A review of SPRINGBREAKERS, Harmony Korine’s controversial 2012 film.
It took me a while to get around to watch Springbreakers as I was under the impression it was created for the post-modern Beiber-Fever generation. Bikini-clad Disney starlets Gomez and Hudgens flaunting themselves on the promotional pictures could have been what misled me. But, being, after all, a Harmony Korine film, I had to get around to it sometime. And I’m so glad I have. Springbreakers follows Faith (Selena Gomez), Candy (Vanessa Hudgens), Brit (Ashley Benson) and Cotty’s (Rachel Korine) attempt to freely “enjoy to the fullest” their youth through the teen-party scene, while escaping from the boredom of school life. The story is pretty straightforward, and the characters, especially those played by Benson and Hudgens are rather bland and one-dimensional.
And that’s why they’re perfect. Had the characters been played by other actors, (real character actors vs Disney faces & the director’s wife) they would have been given more depth and undoubtedly, been rendered much more charismatic. But the satire wouldn’t have worked. That’s how Springbreakers works best – as a parody on the futility of the MTV club scene to which so many feel the need to belong to, in order to be a part of something bigger. The search for the meaning of life through the deafening vacuum of sound, coke and sexual degradation.
This film tears the adrenaline junkie’s modern-day American Dream to pieces without so much as a heads up. It practically spells out the point that the much sought after glamour of a hedonistic lifestyle falls short of glamorous. So despite the promise of skin, violence and music, at it’s core the film really is as conservative as it could get. Maybe a bit too much, in fact. The problem is that, ironically, the promotional material was targeted at the same sector of society the film so vehemently criticizes. Character wise, the film goes everywhere. Like Neighbors (2014), and even Natural Born Killers, (1994), the adrenaline-fuel moments are fast-paced (perhaps too much) and the lighting and color-toning leaves much to be desired. On the other hand, some other moments (eg. A slow-mo-montage involving a Britney Spears song) are beautifully executed. But all in all, the film many times feels unsure of where it wants to go.
But it doesn’t really matter – the message comes through crystal clear; The fast life is attractive, but it is wrong. Materialism may pull at us with a stronger will than old fashioned family values. Just like when Tom and Jerry’s conscience used to manifest in the forms of little angels and demons perched on their ears, Faith decides to leave Spring Break to head back home to her Catholic family. She leaves her friends with the words, “I wanna go home now. Spring break’s over. I know you both wanna stay.’ The scene perfectly echoed Michael Corleone’s plight in Godfather Part III, when he says, “ Just when I thought I was out, they pull me back in.” Most of the time, we know what the right thing to do would be. The other options are just too damn attractive.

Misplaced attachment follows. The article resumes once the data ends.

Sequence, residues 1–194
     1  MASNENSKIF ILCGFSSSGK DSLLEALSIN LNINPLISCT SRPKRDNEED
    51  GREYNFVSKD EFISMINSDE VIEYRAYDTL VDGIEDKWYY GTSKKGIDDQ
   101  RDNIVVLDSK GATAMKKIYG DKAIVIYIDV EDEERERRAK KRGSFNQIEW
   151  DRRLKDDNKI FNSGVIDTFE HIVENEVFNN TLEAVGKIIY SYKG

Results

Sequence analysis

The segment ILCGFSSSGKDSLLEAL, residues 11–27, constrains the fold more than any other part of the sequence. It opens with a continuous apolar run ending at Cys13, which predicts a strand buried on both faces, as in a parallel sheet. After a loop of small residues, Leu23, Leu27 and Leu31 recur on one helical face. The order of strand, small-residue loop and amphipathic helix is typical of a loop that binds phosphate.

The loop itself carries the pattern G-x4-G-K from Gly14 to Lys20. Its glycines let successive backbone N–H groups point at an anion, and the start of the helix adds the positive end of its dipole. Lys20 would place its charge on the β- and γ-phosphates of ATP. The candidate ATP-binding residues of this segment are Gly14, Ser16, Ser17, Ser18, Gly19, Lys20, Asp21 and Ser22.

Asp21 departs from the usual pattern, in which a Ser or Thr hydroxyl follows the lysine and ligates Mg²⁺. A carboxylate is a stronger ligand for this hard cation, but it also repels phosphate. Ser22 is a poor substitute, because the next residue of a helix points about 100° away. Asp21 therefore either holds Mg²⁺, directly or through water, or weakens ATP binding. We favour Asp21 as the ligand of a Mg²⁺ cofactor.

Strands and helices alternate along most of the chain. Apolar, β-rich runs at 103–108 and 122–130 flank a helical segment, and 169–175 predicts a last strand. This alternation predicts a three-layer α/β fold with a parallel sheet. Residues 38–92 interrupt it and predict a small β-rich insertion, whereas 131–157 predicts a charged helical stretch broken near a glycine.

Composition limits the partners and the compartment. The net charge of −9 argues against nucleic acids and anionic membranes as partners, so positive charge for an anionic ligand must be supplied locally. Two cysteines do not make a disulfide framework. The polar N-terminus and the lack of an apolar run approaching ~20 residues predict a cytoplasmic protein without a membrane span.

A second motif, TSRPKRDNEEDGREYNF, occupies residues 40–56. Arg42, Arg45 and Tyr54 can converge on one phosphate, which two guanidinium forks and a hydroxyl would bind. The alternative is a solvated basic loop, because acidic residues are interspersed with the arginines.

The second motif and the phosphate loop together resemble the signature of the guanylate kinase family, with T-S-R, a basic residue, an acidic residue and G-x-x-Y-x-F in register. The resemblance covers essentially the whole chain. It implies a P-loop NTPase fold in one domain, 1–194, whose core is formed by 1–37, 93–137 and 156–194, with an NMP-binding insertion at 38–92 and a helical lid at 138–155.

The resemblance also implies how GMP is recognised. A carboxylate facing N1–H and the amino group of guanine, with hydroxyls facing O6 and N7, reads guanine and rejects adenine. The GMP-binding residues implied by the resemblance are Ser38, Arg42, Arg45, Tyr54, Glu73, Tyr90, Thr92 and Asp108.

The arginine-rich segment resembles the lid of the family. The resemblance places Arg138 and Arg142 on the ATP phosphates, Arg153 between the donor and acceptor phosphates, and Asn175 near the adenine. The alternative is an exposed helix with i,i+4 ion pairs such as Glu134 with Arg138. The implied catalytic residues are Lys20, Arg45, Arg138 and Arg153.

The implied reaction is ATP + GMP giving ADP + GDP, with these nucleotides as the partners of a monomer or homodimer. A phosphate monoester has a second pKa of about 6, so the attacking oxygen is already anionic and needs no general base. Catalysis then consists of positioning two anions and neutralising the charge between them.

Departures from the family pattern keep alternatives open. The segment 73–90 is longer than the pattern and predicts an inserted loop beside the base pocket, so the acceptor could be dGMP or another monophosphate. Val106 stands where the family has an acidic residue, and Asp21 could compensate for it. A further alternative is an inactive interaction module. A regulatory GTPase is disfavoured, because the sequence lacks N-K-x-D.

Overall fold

The film comments on the desensitization of immorality – which is a pretty tough topic to tackle for anyone as morals are highly subjective. Like any other lifestyle, the gangster lifestyle these kids get embroiled in takes getting used to. Faith leaves as soon as she smells trouble. Kind of like when we ran away from what would have been our first fight. Cotty managed to leave too, albeit later on and with a bullet hole in her arm. Sometimes it takes actual pain to bring us to our senses. The other two decide to stay and turn gangster. Complete desensitized.
Watching the performances was more than satisfying. I was reminded of when I watched The Heart is Deceitful Above All Things (2004), a wonderfully ugly film starring two other equally campy (and notoriously bland) Disney faces, the Sprouse brothers (or as they’re better known, Zack and Cody).
The best performance comes from Gomez. Watching her in this film, it was impossible not to be reminded of Anette Funicello. Like Gomez, she was a Disney star renowned for her wholesome persona, who’s work was solely aimed at children and teenagers. She went on to be the main face (and bikini body) of the world famous Beach Party film series produced by AIP mainly from 1963 to 1965-66. Fun, sexy and controversial for their time, nowadays they’re considered pure camp (pun intended).
Gomez’s shell-shocked gaze once she opens her eyes to the reality of her ‘dream’ is sincere. Equally discomforting was Candy and Brit’s refusal to go home, even when it’s clear as day that things were going differently as planned. They are pained, confused and clearly can’t find a reason why they should stay. But they’re pulled in. Maybe other films handled the same topic a little bit better. Project X (2012) comes to mind. While it reveled in the eye-candy that comes with a party in pornographic age we find ourselves in, it’s focus remained realism. Spring Breakers has the most unconvincing ending imaginable. But I won’t give too much away. Let’s just say, it’s definitely marketed towards the wrong audience. Forget Selena and Hudgens. It’s a Harmony Korine film all the way.
Originally written for Eyeskreen and published on the 15th of March, 2015